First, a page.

I have a Master’s degree in computer science and a bachelor's degree in applied mathematics. I’m also known to be a technical author with several technical publications in the form of books and articles. Besides, I'm an open source enthusiast and have coordinated or contributed to several projects. Currently, I maintain my projects on GitHub.
As a content provider on the internet, not only I publish on this technical blog, but also I'm a podcaster and publish audio podcasts on Mash This.
Trying to maintain a healthy and active lifestyle, I'm a pescetarianist and exercise almost everyday. I’m an avid runner, soccer defender, and tennis player. I also have an interest in fashion.
We’ve been working a lot on improving Mash This podcast as the only podcast dedicated to one of the hottest topics in software development, which is online services and API’s. Today we published the third episode about client libraries.
A vital part of working with online services and API’s is the use of some programming constructs in order to communicate with a service to send requests and receive the response in different formats, and also some other constructs to build and parse these requests and responses respectively. This can be done manually with lower level network libraries in different platforms, but as you can guess, it’s very time-consuming, so there are some higher level libraries built for different platforms to take care of this. Some of them are built into the framework (e.g., HttpClient class in .NET) or are done by third party companies and open source projects (e.g., Jersey library for Java).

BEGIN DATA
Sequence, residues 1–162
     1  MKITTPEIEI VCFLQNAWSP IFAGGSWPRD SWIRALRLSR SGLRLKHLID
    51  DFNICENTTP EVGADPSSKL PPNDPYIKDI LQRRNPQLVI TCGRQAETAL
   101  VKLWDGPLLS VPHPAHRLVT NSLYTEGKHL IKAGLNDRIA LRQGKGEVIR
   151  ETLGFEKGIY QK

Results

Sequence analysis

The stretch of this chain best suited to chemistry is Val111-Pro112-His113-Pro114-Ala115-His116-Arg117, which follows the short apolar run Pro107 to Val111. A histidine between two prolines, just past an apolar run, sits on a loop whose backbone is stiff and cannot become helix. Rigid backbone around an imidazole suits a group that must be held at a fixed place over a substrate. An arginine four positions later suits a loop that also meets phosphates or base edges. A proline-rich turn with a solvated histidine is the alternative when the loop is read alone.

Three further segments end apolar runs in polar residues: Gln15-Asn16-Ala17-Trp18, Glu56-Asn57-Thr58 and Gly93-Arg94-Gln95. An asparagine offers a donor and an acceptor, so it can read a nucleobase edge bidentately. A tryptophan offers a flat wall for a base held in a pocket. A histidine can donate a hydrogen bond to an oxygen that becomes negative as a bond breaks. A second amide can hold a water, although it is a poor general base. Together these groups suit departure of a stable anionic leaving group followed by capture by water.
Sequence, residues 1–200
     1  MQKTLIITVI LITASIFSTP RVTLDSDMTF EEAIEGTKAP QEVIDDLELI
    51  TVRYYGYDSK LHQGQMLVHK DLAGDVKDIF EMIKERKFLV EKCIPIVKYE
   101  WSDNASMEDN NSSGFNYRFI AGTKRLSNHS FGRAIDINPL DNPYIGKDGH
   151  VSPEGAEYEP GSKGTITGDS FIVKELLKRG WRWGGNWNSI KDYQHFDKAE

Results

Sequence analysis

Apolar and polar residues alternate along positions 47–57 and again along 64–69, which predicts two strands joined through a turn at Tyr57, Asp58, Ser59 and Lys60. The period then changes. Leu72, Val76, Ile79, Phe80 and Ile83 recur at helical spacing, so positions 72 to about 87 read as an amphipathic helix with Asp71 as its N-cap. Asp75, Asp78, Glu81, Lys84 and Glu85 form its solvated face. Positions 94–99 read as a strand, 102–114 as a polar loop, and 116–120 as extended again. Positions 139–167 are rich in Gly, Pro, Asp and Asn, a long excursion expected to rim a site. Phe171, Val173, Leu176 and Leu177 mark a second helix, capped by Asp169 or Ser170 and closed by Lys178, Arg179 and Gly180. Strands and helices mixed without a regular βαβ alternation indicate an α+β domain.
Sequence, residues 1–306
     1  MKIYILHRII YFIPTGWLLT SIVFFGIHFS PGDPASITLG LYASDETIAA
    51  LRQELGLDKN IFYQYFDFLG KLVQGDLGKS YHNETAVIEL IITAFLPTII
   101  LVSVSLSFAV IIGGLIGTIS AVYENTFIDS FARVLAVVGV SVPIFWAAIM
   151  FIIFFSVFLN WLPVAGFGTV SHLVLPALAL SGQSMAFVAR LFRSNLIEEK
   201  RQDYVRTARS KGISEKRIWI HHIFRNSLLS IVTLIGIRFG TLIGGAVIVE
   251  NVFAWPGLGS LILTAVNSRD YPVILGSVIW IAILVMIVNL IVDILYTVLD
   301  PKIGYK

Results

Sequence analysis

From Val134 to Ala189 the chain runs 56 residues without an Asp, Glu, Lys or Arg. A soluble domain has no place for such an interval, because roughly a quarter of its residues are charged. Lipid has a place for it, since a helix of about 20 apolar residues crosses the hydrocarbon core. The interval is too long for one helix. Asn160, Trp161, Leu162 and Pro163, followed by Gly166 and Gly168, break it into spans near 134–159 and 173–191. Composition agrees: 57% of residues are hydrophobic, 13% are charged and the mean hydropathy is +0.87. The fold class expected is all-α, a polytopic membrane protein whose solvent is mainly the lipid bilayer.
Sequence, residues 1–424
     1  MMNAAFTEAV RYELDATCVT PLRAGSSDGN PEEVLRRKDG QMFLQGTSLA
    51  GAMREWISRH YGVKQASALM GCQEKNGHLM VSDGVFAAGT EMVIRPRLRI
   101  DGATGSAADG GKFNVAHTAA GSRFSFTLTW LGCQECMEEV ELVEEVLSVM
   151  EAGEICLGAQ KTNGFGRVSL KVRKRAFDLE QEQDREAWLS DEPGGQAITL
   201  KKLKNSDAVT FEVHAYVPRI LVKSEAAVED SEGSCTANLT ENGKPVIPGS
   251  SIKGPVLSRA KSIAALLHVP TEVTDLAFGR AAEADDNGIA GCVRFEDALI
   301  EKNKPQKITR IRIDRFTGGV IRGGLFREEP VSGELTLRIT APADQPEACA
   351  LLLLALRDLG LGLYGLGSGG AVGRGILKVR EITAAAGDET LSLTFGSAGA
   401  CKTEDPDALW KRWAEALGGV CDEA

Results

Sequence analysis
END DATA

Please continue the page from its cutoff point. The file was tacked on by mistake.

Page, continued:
In this episode we talk about such libraries and frameworks with an emphasis on restful API’s and those libraries designed for dealing with XML or JSON formats. This episode is not about .NET only as the whole podcast is not. We want to cover all the common platforms, and in this episode we talk about .NET, Java, Ruby, jQuery, C/C++, and PHP.
You can download episode 3 from our website and check out the show notes that include links to many libraries and classes we cite during our conversation.
If you’re interested to follow the content on Mash This, you can subscribe to RSS feed or Apple iTunes. By the way, I’m working on moving the site for Mash This podcast to my Hawraman engine with better features, so it will be better soon.